The Occoneechee Indians once lived in the Kerr Lake area until they were dispersed by Nathanial Bacon in 1676. Until that date, the Roanoke River was the main transportation and supply route for both Native Americans and early settlers. Constant, regular flooding of the river provided rich and productive farmland that sustained the area for generations.
The development of cities and homes along the river and the increased demand for flood control and electricity led to the construction of the John H. Kerr Reservoir, named after the North Carolina congressman instrumental in the reservoir's development. Construction of this reservoir that straddles Virginia and North Carolina began in 1946 and was completed in 1952.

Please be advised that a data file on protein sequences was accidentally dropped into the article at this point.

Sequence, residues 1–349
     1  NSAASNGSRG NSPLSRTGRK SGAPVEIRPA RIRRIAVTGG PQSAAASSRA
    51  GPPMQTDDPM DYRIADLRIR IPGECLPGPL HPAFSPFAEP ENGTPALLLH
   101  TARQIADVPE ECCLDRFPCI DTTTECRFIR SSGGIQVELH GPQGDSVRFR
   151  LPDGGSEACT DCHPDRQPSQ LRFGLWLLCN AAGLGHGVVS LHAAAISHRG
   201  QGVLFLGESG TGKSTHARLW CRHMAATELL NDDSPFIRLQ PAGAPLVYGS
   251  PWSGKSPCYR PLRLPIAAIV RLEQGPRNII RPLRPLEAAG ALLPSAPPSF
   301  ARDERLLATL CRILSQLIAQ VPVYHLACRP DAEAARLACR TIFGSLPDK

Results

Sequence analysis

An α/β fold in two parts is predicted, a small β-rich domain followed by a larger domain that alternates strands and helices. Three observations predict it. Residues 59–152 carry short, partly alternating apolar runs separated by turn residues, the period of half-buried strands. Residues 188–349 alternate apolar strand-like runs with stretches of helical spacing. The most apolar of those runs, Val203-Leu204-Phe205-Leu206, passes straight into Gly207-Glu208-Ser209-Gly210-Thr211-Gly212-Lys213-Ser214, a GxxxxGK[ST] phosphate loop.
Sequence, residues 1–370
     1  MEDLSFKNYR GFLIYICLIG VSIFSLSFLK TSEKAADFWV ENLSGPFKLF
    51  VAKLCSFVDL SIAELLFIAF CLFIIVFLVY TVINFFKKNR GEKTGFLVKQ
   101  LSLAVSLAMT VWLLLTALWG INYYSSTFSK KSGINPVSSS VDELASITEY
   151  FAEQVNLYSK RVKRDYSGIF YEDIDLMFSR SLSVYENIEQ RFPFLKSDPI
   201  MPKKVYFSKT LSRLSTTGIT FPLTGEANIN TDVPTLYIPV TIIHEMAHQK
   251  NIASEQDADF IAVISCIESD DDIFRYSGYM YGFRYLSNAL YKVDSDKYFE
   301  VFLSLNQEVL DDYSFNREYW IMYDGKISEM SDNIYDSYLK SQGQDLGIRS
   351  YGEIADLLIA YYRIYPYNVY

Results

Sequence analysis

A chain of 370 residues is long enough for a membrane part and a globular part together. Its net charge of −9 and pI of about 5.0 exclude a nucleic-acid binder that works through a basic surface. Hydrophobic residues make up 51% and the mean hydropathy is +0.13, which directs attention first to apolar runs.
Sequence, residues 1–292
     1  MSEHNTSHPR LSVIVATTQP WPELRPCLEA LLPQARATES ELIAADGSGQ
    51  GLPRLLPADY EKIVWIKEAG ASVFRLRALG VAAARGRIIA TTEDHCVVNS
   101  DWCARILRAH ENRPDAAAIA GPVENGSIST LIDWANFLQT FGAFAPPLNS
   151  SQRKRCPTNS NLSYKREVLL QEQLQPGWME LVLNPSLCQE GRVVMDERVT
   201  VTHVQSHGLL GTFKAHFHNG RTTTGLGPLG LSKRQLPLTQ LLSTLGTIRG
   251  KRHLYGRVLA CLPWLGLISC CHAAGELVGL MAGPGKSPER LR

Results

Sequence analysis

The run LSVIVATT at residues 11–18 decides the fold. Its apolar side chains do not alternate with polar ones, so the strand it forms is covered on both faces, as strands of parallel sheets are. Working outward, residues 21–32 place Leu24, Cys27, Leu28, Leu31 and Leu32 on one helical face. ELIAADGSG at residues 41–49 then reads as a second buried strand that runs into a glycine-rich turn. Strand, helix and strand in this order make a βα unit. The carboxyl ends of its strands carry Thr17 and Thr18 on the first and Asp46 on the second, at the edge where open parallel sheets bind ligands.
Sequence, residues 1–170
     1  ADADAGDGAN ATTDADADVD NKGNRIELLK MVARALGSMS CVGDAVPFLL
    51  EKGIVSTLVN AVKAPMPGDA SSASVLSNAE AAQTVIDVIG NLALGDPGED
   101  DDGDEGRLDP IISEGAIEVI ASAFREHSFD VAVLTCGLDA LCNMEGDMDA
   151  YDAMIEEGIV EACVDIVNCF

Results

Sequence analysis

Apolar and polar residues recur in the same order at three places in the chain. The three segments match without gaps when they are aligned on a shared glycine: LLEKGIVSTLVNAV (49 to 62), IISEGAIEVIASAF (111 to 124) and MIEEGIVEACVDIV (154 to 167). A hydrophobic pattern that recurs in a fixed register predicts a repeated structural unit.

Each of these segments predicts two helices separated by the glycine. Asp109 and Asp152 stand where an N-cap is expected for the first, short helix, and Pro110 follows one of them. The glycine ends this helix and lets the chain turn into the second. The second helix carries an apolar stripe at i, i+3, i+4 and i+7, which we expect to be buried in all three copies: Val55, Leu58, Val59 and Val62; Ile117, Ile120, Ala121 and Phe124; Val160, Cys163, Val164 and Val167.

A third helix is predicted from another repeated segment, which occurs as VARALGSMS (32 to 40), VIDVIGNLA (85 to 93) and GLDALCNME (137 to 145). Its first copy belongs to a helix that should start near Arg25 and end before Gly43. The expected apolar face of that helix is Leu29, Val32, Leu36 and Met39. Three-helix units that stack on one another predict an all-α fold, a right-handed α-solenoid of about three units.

The Kerr Reservoir Commission was then created to govern the North Carolina parks bordering the lake. The N.C. Division of Parks and Recreation eventually took control of the seven recreation areas of the reservoir in 1975. In addition to water resource management, the reservoir provides fish and wildlife conservation, forest management and recreation.